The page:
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Well i dont believe that here the US to marry have to worry about getting the virus from Iraq dinar, most of us probably haven't touch it in year because its worthless and collecting dust in the back of our safes or dressers. But if it was toilet paper on the other hand now thats a different story. We all would be worried shiteless.

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Hey Blue skyline..... Thanks for article and here is how I believe it’s going to work... it’s been in the works for over 30 years and the rabbit is about to be pulled out of the hat due to this virus

It’s called the inter ledger protocol and it was donated to the W3c by Ripple. It is similar to the way HTTP:// works but it will be the Internet of transferring value instead of data. 

XRP is the settlement mechanism token.  R3 Corda settler was supposed to go live in Italian banks in March 2020 so I find it curious that Italy is complete lockdown for two weeks.  

Have a great Saturday. Off to work while they still let me ;) 





Edited by NEPatriotsFan1
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My biggest concern is the money exchanging hands at the turnpikes. 
Here in Oklahoma, the turnpike is one of the main arteries of the US. Yesterday morning, the lady working the booth was extremely sick and handing out money. 
I personally feel this should be a huge concern for the government. 

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7 hours ago, NEPatriotsFan1 said:

Hey Blue skyline..... Thanks for article and here is how I believe it’s going to work... it’s been in the works for over 30 years and the rabbit is about to be pulled out of the hat due to this virus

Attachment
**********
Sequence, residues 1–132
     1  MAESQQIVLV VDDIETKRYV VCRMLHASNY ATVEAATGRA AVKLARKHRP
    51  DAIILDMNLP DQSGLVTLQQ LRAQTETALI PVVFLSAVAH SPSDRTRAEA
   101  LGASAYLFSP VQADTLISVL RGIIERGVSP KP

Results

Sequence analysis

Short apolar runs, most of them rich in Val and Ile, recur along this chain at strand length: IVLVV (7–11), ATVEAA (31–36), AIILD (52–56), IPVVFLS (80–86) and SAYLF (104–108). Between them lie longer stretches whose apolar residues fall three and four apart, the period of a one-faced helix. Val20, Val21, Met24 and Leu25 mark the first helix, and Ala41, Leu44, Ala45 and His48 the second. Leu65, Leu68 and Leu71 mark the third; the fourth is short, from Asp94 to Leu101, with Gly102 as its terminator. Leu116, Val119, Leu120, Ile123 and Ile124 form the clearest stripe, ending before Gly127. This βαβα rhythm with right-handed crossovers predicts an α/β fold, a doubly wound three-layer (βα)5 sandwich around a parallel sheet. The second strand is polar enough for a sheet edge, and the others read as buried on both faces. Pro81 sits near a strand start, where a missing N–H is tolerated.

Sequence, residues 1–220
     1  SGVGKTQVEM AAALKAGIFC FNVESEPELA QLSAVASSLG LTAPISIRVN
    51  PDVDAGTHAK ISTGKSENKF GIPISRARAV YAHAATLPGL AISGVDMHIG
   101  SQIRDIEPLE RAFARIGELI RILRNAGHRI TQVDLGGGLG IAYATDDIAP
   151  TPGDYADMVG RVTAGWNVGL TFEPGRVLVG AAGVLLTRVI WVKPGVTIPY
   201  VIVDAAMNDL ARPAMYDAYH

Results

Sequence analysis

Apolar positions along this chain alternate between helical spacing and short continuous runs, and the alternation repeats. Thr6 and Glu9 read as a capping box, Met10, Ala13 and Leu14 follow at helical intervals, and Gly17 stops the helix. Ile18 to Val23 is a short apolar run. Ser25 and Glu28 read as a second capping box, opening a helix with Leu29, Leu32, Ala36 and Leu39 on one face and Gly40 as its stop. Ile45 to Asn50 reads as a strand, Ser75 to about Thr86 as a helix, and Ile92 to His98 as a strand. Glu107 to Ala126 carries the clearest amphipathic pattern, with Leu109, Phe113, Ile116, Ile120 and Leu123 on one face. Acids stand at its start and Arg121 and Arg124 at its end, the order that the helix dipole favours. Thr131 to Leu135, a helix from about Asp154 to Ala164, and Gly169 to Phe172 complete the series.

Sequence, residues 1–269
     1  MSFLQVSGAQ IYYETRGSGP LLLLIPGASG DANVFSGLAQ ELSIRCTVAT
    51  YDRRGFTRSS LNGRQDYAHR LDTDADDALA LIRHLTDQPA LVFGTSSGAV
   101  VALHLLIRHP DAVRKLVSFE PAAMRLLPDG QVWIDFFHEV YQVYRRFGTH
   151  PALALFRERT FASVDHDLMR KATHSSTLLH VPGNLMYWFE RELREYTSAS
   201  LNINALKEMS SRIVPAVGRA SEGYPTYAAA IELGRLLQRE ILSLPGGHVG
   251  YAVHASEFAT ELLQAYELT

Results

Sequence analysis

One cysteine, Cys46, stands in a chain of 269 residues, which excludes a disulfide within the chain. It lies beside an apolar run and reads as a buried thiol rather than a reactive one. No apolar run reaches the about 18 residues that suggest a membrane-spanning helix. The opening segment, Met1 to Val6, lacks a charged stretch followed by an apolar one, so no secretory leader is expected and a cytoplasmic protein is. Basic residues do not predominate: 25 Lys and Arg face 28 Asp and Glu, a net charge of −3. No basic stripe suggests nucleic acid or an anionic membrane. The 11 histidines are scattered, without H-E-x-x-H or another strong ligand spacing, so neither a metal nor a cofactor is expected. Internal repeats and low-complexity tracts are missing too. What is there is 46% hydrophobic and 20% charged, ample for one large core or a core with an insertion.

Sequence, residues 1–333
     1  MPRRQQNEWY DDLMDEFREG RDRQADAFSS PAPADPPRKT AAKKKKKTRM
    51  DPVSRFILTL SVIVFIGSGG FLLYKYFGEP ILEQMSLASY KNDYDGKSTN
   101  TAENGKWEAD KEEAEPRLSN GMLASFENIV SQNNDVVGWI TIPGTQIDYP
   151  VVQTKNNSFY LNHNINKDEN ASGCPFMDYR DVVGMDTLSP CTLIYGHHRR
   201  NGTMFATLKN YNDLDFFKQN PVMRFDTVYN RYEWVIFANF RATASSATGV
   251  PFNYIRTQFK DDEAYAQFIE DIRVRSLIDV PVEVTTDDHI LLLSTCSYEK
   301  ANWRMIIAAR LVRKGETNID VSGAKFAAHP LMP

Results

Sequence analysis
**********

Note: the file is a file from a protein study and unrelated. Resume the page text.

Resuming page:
It’s called the inter ledger crypto wallet" rel="external nofollow">ledger protocol and it was donated to the W3c by Ripple. It is similar to the way HTTP:// works but it will be the Internet of transferring value instead of data. 

XRP is the settlement mechanism token.  R3 Corda settler was supposed to go live in Italian banks in March 2020 so I find it curious that Italy is complete lockdown for two weeks.  

Have a great Saturday. Off to work while they still let me ;) 





Thanks for the information and I hope so as I bought a lot more XRP yesterday at .15 have read and researched also and thank you for all your knowledge so hopefully one day XRP will payoff even higher then the dinar RV when it happens!!

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2 hours ago, Dinarrock said:

Thanks for the information and I hope so as I bought a lot more XRP yesterday at .15 have read and researched also and thank you for all your knowledge so hopefully one day XRP will payoff even higher then the dinar RV when it happens!!

I hope so too, Dinarrock! glad you got some so cheap. I paid .54 .41 .30 most of my bag at .25 cents So I’m significantly down, but I believe that xrp will rise from the ashes. Brad Garlinghouse the CEO of Ripple said he expects 99% of Crypto’s to disappear so hopefully the cream will rise to the top here soon. 

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Cypriots went to bed on Friday thinking everything was fine. By the next morning, they had no way to pay bills or buy food.

It’s certainly a chilling reminder of how quickly things can change. And why.